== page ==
YAKIMA -- A bigger electric bill will hit most Yakima Valley residents starting in about a week.
Electric bills will jump an average of $11.26 a month under a rate increase approved this past week for Pacific Power, a hike of about 12 percent.
The Portland-based utility originally asked the Washington Utilities and Transportation Commission for a 21 percent increase, which would have been an almost $20-a-month increase for a household using 1,300 kilowatts a month.
Still, regulators acknowledged the hike will hurt at a time of rising food and gas prices.
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"The commission is mindful that including these costs in Pacific Power's rates requires an unusually large increase, particularly in these difficult economic times," the three commissioners said in their written decision.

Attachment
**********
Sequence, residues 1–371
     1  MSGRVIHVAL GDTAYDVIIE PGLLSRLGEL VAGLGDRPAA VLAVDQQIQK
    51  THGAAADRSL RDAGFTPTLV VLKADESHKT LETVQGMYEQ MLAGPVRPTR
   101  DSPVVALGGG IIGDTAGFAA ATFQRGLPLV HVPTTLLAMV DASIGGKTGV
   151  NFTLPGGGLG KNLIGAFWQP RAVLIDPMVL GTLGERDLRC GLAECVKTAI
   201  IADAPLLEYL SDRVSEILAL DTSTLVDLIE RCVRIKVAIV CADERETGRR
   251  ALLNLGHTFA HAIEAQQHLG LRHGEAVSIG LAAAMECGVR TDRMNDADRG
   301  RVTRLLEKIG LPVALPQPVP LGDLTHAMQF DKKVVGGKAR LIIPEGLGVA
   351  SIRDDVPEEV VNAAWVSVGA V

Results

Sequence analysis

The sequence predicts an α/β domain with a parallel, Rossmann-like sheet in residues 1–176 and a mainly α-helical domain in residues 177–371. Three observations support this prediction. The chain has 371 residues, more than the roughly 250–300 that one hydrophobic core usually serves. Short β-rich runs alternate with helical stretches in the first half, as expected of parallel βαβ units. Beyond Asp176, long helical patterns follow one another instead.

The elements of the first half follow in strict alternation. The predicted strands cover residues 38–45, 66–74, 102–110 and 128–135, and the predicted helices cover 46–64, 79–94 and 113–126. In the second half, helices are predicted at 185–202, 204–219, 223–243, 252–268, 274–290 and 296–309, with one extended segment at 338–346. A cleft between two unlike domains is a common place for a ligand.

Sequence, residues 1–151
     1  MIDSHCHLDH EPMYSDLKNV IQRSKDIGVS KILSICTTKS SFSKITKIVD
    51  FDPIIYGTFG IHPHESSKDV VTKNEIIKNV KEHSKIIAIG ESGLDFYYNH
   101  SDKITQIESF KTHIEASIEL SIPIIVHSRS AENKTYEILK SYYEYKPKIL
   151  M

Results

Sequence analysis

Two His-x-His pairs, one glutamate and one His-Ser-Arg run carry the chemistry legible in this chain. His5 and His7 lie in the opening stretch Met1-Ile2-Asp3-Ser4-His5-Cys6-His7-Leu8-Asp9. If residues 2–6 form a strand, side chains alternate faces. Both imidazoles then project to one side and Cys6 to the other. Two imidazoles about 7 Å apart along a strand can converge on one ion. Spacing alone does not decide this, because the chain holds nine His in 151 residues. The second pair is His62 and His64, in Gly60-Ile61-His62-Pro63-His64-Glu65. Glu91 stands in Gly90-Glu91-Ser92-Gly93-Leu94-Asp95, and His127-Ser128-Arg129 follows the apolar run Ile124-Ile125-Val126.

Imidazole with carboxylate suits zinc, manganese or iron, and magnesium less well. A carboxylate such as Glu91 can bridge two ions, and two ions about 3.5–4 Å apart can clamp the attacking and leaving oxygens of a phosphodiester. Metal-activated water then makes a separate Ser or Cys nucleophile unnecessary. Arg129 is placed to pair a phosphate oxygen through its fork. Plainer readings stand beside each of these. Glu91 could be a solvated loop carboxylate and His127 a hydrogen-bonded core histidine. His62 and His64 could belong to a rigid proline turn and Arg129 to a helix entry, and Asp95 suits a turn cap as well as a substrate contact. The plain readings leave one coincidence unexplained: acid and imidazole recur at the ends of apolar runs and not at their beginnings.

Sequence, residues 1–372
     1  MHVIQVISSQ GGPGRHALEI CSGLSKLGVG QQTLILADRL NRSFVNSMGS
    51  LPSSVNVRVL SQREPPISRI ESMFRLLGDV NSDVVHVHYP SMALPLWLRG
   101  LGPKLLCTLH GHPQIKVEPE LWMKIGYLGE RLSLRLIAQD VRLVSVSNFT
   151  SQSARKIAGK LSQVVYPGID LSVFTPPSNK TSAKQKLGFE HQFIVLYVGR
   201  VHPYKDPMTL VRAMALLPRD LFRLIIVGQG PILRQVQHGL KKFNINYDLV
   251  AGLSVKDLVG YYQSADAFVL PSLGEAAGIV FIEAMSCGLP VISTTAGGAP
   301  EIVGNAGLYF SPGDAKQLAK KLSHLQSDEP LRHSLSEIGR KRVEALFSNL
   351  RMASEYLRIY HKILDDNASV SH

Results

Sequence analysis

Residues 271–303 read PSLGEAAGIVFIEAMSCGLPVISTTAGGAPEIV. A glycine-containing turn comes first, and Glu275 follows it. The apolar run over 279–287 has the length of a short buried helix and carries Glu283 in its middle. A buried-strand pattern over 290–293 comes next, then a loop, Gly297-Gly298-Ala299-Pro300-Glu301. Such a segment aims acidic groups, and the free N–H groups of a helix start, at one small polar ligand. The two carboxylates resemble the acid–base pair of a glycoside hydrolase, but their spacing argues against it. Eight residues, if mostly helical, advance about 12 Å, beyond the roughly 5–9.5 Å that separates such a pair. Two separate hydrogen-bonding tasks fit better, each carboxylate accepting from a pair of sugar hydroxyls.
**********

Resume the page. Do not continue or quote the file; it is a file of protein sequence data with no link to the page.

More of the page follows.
But, they continued, "the company must be able to recover its prudently incurred costs to be able to provide the service on which its customers depend."
Renewable energy credits from wind power prevented the hike from being higher at 14 percent, commissioners said.
Customer bills significantly will vary, with those relying on electricity for heat feeling the heaviest burden.
Pacific Power argued that its own cost to buy power has been going up as it negotiates new contracts with suppliers.
Other items included in the rate increase are the utility's cost to transmit and distribute electricity and operate a natural gas plant in Chehalis.
The company also enacted rate increases in 2009 (5.3 percent), 2008 (8.5 percent) and 2007 (6.5 percent).
Pacific Power provides service to about 130,000 customers in Yakima, Kittitas, Columbia, Garfield and Walla Walla counties.